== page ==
The World Wide Web Consortium has announced that its members have until April 19 to weigh in on whether the organization should publish Encrypted Media Extensions, its DRM standard for web video, despite the fact that this would give corporations the new right to sue people who engaged in legal activity, from security researchers who revealed defects in browsers to accessibility workers who adapted video for disabled people to scrappy new companies who come up with legal ways to get more use out of your property.
The W3C suspended all work on a covenant to protect security researchers more than a year ago, after a mere 90 days' discussion. They refused to convene any kind of process to protect other people who might be harmed by this standard, including accessibility workers and innovators.
Rather than continue this work, the W3C has taken steps to legitimize suing security researchers, by convening a new group that will allow manufacturers to set voluntary guidelines for when this new right to sue people who tell the truth about defects in their products should be used.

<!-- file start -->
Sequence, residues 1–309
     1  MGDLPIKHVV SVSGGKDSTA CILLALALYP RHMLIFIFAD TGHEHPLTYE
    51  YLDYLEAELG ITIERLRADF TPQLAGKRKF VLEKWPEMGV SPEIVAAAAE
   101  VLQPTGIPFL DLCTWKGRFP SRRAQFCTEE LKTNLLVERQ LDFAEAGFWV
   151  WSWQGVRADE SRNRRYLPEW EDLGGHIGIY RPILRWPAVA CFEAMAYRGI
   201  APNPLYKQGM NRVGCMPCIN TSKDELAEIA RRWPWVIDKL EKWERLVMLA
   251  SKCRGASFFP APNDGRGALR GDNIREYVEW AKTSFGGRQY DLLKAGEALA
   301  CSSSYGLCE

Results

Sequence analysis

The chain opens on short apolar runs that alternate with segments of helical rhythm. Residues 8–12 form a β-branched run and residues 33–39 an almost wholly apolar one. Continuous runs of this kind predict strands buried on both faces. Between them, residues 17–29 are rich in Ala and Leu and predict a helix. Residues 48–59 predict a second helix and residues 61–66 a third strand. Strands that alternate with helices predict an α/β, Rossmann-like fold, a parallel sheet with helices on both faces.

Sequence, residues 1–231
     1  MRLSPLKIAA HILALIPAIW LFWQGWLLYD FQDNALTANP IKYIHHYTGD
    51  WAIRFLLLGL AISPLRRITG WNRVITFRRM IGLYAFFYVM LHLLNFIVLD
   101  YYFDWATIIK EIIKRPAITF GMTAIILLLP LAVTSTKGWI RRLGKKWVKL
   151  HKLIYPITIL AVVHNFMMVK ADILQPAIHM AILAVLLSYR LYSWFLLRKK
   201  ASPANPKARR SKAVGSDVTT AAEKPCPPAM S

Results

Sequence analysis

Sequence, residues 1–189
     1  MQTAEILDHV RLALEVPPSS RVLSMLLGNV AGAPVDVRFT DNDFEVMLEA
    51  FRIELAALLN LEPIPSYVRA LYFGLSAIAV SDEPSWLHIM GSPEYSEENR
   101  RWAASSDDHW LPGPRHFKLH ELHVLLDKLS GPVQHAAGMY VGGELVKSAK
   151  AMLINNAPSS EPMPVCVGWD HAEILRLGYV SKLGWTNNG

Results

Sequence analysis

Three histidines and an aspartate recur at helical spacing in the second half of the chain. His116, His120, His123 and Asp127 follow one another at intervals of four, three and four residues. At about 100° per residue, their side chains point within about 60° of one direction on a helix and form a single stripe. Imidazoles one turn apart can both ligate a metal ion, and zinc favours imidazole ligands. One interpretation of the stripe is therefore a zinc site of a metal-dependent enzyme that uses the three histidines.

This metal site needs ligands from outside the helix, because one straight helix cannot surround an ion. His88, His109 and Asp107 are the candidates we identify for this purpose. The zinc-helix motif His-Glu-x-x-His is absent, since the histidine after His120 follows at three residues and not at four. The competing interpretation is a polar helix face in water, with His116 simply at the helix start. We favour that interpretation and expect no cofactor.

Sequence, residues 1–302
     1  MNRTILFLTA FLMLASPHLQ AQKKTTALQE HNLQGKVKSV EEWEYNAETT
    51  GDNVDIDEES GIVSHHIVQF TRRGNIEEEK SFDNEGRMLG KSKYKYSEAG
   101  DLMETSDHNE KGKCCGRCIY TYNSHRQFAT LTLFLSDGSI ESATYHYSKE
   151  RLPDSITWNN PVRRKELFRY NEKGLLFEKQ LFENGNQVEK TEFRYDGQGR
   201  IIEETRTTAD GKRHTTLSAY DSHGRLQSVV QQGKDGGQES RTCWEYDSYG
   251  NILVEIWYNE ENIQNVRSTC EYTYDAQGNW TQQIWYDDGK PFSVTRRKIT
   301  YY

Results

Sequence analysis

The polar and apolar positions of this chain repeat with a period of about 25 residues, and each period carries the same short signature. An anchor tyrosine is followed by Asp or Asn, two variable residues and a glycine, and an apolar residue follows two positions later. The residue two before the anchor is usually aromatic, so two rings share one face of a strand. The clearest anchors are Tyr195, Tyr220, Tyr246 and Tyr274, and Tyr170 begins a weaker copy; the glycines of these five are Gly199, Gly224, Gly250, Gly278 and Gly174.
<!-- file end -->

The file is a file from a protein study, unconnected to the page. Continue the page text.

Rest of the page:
They have characterized this as "protecting security researchers" despite the fact that it offers no protection to security researchers -- even those who follow the guidelines will have no guarantee that W3C members won't sue them, as the rules are voluntary, rather than (say) a condition of membership, or the W3C's patent license.
Hundreds of security researchers have called on the W3C to protect their work.
Encrypted Media Extensions (EME), a mechanism by which HTML5 video providers can discover and enable DRM providers offered by a browser, has taken the next step on its contentious road to standardization. The World Wide Web Consortium (W3C), the standards body that oversees most Web-related specifications, has moved the EME specification to the Proposed Recommendation stage.
The next and final stage is for the W3C's Advisory Committee to review the proposal. If it passes review, the proposal will be blessed as a full W3C Recommendation.
DRM in HTML5 takes its next step toward standardization [Peter Bright/Ars Technica]